Takeo Kanade, the U.A. and Helen Whitaker University Professor of Robotics and Computer Science at Carnegie Mellon University, received the prestigious 2016 Kyoto Prize for Advanced Technology, Nov. 10 in a ceremony in Kyoto, Japan.

The international award is presented by the Inamori Foundation to individuals such as Kanade who have contributed significantly to the scientific, cultural and spiritual betterment of humankind. Kanade’s prize recognizes his pioneering contributions to computer vision and robotics. The prize includes a gold medal and a cash award of 50 million yen (about $480,000). (read more)


Learning Scene-Specific Pedestrian Detectors without Real Data
Hironori Hattori, Yasodekshna Vishnu Naresh Boddeti, Kris M. Kitani and Takeo Kanade

CVPR June, 2015

An Implementation of Camera Geometry Correction Capability in a Video-Rate Stereo Machine
Hiroshi Kano, Shigeru Kimura, Masaya Tanaka and Takeo Kanade

Journal of the Robotics Society of Japan January, 1998

When is the Shape of a Scene Unique Given its Light-Field: A Fundamental Theorem of 3D Vision?
Simon Baker, Terence Sim and Takeo Kanade

IEEE Transaction on Pattern Analysis and Machine Intelligence January, 2003

A Robust Subspace Approach to Layer Extraction
Qifa Ke and Takeo Kanade

IEEE Workshop on Motion and Video Computing (Motion'2002), Orlando, Florida, Dec. 2002. December, 2002

Limits on Super-Resolution and How to Break Them
Simon Baker and Takeo Kanade

IEEE Transactions on Pattern Analysis and Machine Intelligence September, 2002

Detection, tracking, and classification of subtle changes in facial expression
Jenn-Jier James Lien, Takeo Kanade, Jeffrey Cohn and C. Li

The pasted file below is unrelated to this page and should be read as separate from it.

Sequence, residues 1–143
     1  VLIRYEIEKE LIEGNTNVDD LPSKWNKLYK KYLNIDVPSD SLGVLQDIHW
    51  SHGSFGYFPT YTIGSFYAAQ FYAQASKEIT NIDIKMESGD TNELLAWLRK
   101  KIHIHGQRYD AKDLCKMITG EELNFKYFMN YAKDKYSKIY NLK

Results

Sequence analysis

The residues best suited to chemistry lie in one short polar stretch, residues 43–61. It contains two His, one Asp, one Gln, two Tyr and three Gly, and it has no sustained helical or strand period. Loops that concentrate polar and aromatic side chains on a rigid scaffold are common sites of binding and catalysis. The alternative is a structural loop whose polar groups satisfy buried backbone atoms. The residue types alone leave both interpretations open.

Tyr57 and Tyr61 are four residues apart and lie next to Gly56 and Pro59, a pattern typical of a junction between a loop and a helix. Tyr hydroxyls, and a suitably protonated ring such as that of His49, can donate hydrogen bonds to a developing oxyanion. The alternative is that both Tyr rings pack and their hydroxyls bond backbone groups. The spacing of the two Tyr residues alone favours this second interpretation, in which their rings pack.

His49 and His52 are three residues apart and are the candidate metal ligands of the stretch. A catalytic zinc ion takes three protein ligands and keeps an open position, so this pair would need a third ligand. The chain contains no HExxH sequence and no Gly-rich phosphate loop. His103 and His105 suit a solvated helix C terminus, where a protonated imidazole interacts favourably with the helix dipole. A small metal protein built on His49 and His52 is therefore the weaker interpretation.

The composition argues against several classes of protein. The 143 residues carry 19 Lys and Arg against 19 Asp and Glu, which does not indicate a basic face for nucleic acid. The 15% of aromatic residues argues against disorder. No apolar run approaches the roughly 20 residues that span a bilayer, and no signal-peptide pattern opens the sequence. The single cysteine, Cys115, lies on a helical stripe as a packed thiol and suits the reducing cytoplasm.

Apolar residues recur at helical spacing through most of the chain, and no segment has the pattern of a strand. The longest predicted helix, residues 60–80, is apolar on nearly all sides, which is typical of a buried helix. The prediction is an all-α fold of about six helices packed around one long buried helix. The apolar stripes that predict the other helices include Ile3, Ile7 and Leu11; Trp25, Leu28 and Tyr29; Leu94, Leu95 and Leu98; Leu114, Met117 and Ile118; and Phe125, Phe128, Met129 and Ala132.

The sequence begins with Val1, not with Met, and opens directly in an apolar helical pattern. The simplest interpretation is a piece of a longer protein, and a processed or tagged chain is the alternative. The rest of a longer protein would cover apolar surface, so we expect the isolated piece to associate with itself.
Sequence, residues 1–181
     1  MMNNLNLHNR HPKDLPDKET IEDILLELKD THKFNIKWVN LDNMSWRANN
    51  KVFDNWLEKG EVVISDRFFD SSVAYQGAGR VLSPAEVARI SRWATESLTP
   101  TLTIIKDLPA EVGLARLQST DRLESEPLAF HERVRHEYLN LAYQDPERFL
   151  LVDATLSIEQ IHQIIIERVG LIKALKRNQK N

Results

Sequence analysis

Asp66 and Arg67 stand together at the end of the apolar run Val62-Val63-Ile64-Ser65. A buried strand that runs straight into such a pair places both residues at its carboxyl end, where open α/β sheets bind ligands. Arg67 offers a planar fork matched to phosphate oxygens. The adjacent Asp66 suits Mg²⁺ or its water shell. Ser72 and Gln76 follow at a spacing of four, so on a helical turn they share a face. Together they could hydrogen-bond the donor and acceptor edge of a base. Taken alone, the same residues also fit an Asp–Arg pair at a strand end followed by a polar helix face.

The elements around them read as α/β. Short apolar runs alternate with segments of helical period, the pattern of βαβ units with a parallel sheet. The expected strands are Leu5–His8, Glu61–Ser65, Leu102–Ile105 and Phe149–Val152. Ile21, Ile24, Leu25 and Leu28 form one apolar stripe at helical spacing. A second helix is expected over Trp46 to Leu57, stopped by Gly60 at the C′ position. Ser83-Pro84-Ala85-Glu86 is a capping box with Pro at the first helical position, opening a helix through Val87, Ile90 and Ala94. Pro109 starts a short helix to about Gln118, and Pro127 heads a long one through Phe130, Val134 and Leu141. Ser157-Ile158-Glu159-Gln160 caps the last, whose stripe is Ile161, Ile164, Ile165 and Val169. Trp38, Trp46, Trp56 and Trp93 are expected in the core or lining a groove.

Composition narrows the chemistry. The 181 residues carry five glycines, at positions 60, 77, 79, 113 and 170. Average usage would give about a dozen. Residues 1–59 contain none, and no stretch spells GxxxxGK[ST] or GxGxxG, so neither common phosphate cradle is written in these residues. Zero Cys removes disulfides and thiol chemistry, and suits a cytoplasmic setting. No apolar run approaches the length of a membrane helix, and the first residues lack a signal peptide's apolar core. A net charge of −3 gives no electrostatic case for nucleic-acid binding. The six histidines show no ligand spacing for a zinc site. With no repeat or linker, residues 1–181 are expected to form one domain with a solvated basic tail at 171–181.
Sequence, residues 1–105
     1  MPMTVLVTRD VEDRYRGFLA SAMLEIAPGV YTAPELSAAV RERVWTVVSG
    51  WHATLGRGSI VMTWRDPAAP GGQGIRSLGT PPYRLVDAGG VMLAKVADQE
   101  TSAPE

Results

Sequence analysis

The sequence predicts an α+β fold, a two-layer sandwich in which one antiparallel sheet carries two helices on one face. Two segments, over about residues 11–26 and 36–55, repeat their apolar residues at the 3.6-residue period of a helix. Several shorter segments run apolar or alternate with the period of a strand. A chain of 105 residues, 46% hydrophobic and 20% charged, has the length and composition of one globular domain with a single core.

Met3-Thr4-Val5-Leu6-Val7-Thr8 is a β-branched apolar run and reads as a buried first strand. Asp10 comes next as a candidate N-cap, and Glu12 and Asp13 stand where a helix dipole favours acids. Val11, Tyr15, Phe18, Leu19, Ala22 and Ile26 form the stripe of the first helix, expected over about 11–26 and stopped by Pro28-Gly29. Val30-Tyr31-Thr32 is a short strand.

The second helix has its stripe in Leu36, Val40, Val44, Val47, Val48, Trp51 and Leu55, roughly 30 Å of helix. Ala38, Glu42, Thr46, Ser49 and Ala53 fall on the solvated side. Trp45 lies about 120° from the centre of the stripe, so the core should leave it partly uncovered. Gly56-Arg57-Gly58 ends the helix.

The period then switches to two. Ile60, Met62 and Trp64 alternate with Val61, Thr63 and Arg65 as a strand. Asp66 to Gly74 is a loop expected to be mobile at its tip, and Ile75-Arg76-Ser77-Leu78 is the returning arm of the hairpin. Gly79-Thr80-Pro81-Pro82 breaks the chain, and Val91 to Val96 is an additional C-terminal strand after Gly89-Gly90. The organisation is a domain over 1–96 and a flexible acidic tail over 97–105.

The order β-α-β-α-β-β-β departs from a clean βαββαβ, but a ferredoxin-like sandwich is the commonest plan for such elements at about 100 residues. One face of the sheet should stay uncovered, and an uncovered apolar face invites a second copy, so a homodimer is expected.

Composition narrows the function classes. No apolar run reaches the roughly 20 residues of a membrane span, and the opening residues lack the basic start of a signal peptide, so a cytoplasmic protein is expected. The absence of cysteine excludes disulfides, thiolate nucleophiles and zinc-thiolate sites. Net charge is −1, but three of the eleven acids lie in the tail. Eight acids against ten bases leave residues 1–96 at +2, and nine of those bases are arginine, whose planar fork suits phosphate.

Journal of Robotics and Autonomous Systems January, 2000

Spatio-Temporal View Interpolation
Sundar Vedula, Simon Baker and Takeo Kanade

Proceedings of the 13th ACM Eurographics Workshop on Rendering June, 2002

Object Detection Using the Statistics of Parts
Henry Schneiderman and Takeo Kanade

International Journal of Computer Vision January, 2002

Gauge Fixing for Accurate 3D Estimation
Daniel D. Morris, Kenichi Kanatani and Takeo Kanade

Computer Vision and Pattern Recognition December, 2001

Bayesian Color Constancy for Outdoor Object Recognition
Yanghai Tsin, Robert Collins, Visvanathan Ramesh and Takeo Kanade

IEEE Conference on Computer Vision and Pattern Recognition (CVPR'01) December, 2001

Classification-Driven Pathological Neuroimage Retrieval Using Statistical Asymmetry Measures
Yanxi Liu, Frank Dellaert, William E. Rothfus andrew Moore, Jeff Schneider and Takeo Kanade

Proceedings of the 2001 Medical Imaging Computing and Computer Assisted Intervention Conference (MICCAI '01) October, 2001

Algorithms for cooperative multisensor surveillance
Robert Collins, Alan Lipton, Hironobu Fujiyoshi and Takeo Kanade

Proceedings of the IEEE October, 2001

Multiple motion scene reconstruction from uncalibrated views
Mei Han and Takeo Kanade

Proceedings of the Eighth IEEE International Conference on Computer Vision (ICCV '01) July, 2001

Precision 3-D Modeling for Autonomous Helicopter Flight
James Ryan Miller , Omead Amidi, Chuck Thorpe and Takeo Kanade

Proceedings of International Symposium of Robotics Research (ISRR) January, 1999

Creating 3D Models with Uncalibrated Cameras
Mei Han and Takeo Kanade

proceeding of IEEE Computer Society Workshop on the Application of Computer Vision (WACV2000) December, 2000

Reconstructing specimens using DIC microscope images
Farhana Kagalwala and Takeo Kanade

Proceedings of the 2000 IEEE International Symposium on Bio-Informatics and Biomedical Engineering November, 2000

Image-Consistent Surface Triangulation
Daniel D. Morris and Takeo Kanade

Computer Vision and Pattern Recognition (CVPR 2000) June, 2000

Shape and Motion Carving in 6D
Sundar Vedula, Simon Baker, Steven Seitz and Takeo Kanade

Proceedings of the IEEE Conference on Computer Vision and Pattern Recognition (CVPR '00) June, 2000

Appearance-Based Virtual-View Generation for Fly Through in a Real Dynamic Scene
Shigeyuki Baba, Hideo Saito, Sundar Vedula, Kong Man Cheung and Takeo Kanade

VisSym '00 (Joint Eurographics - IEEE TCVG Symposium on Visualization) May, 2000

Comprehensive Database for Facial Expression Analysis
Takeo Kanade, Jeffrey Cohn and Ying-Li Tian

Proceedings of the 4th IEEE International Conference on Automatic Face and Gesture Recognition (FG'00) March, 2000

Hallucinating Faces
Simon Baker and Takeo Kanade

Fourth International Conference on Automatic Face and Gesture Recognition March, 2000

System Identification of a Model-Scale Helicopter